What do you get when you cross a personal watercraft with an airboat and then float it all on a RIB? A one-of-a-kind research vessel
dubbed Kelpfly for its ability to “fly” over kelp beds and
even work in the surf zone while mapping California’s
ultra-shallow inshore seabed. The creation of Dr. Rikk Vitek,
who heads the Seafloor Mapping Lab at Cal State, Monterey Bay, Kelpfly is a
Yamaha WaveRunner mounted on a custom-built aluminum rigid inflatable hull,
and powered, airboat-style, by a paraglider engine and propeller. It’s equipped
with sophisticated side-scan sonar and other instruments, and the airboat propulsion allows the boat to map right through the floating kelp forests, a previously impossible task because the kelp would plug the WaveRunner’s jet drive. It
can record geophysical data in as little as 20 inches of water, and its “armored”
hull even bounces off rocks. Kelpfly’s mother ship is a 46-foot Hatteras sport-fisherman donated to the university and extensively equipped for seafloor
mapping as well. — R.L.
NOW YOU SEE IT,
SOON YOU WON’T
CALIFORNIA BOATERS lucky enough to have glimpsed the Navy’s mysteri- ous stealth ship, Sea Shadow, may
want to cherish those memories. The odd-shaped, Darth Vader-like vessel has a date
with the scrap dealer’s cutting torch. One
of the more radical ships ever floated, Sea
Shadow was built in 1985 under a shroud of
secrecy in the backwaters of San Francisco
Bay. For years the 164-foot-long vessel clandestinely operated off the California coast as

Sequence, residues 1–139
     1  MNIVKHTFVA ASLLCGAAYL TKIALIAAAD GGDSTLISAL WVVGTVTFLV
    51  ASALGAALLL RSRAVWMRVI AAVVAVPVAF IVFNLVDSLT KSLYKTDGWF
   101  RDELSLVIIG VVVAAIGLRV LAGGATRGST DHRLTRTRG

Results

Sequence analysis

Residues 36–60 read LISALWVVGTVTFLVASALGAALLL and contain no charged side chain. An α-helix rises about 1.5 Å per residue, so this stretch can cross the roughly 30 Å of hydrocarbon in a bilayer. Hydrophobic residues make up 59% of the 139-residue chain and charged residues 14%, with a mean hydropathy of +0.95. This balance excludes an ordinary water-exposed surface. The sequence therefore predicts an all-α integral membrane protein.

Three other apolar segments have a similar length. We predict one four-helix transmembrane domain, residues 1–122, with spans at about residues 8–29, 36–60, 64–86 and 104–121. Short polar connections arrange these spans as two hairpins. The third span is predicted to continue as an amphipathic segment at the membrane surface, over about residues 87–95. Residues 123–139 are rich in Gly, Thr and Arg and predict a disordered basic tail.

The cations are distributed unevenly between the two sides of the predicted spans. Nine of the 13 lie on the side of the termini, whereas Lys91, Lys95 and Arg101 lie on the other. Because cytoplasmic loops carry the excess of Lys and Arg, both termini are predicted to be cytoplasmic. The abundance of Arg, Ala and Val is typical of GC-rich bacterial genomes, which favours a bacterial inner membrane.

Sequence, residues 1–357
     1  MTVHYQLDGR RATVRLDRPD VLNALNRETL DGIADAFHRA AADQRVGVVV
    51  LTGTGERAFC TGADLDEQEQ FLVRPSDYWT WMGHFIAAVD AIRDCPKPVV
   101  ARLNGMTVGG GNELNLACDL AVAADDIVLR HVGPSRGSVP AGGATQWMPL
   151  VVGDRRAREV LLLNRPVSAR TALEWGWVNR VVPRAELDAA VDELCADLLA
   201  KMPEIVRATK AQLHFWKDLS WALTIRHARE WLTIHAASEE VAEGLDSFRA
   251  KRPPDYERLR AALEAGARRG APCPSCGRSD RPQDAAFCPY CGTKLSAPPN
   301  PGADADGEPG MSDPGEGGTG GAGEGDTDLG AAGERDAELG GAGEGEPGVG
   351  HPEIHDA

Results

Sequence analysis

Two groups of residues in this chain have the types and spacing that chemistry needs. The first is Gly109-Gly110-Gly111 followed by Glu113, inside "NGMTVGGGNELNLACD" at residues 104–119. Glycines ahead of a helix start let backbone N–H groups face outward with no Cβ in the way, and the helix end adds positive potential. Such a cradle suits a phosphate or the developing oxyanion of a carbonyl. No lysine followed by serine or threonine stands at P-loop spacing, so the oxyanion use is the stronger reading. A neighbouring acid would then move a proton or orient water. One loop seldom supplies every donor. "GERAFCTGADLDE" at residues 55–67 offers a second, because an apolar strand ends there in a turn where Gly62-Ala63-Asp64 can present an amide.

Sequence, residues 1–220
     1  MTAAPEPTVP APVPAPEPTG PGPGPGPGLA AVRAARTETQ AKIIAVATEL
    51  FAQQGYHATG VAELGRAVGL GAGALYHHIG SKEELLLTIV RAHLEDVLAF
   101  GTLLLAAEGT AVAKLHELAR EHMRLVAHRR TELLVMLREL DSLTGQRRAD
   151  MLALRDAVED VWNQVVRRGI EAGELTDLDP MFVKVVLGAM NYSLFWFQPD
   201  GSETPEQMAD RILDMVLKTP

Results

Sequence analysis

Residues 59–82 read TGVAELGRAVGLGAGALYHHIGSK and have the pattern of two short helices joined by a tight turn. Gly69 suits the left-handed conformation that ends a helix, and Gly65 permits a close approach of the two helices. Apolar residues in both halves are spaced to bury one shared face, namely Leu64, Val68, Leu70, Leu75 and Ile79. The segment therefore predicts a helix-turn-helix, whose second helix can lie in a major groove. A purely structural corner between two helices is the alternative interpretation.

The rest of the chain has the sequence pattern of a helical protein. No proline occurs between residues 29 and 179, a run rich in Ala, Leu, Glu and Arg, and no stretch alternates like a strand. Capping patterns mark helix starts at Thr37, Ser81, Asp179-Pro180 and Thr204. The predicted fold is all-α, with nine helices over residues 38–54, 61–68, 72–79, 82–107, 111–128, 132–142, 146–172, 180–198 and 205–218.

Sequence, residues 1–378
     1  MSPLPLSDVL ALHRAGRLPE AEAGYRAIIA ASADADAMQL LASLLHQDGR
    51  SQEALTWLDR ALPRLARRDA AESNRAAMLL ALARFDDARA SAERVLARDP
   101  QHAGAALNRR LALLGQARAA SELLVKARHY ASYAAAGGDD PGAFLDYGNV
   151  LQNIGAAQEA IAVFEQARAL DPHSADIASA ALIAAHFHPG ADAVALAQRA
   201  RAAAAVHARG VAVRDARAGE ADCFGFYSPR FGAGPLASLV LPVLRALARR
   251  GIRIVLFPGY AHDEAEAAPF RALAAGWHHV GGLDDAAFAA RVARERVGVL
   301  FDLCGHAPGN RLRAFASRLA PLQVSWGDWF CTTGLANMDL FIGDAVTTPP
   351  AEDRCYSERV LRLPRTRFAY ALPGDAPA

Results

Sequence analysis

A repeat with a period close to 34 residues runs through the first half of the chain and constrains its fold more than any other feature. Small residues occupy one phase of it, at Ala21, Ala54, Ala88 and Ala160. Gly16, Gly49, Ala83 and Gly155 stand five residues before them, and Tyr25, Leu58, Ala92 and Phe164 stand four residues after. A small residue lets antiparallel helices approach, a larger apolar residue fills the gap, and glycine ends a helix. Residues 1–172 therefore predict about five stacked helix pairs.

test bed for maritime stealth technology. So
secret was the project that the Navy housed
and transported Sea Shadow aboard a covered
barge to hide it from curious boaters and foreign spy satellites.
In 1993, the Navy took the wraps off Sea
Shadow and allowed boaters to glimpse the
vessel in and around San Francisco and San
Diego Bays. After decades of playing “now
you see it, now you don’t” with boaters, the
$50-million Sea Shadow recently sold at auction for $3.2 million (including barge), with
a stipulation that she be cut into scrap. Take
a virtual tour of the ship that inspired the villain’s vessel in the 1997 James Bond movie,
“Tomorrow Never Dies,” at: www.hnsa.org/
seashadow — JACK INNIS
An Overripe And Underpriced Banana?
$19.37 THAT’S THE PRICE a Wisconsin nonprofit organization paid for an iconic bit of Upper
Mississippi River history, the 267-foot dredge William A. Thompson.
Known as “the big banana boat” to boaters on the river for her
yellow U.S. Army Corps of Engineers’ color scheme, for 68 years
the Thompson maintained 850 miles of the river until it was retired
in 2008, at Fountain City, Wisconsin. Lying at its new home 100
miles downriver at Prairie du Chien, Wisconsin, since mid-June, the
cutterhead dredge could become a museum or an environmental
learning center while undergoing restoration.
The Thompson could cut a channel 28 feet deep and 350 feet
wide in a single “mooring.” She carried 8,000 feet of floating dredge
pipe and could dredge 1,000 cubic yards per hour. Over the years
she handled about 2 million yards of dredged material annually.
And the sale price? That’s the year of the William A. Thompson’s first
roll on the river. — R.L.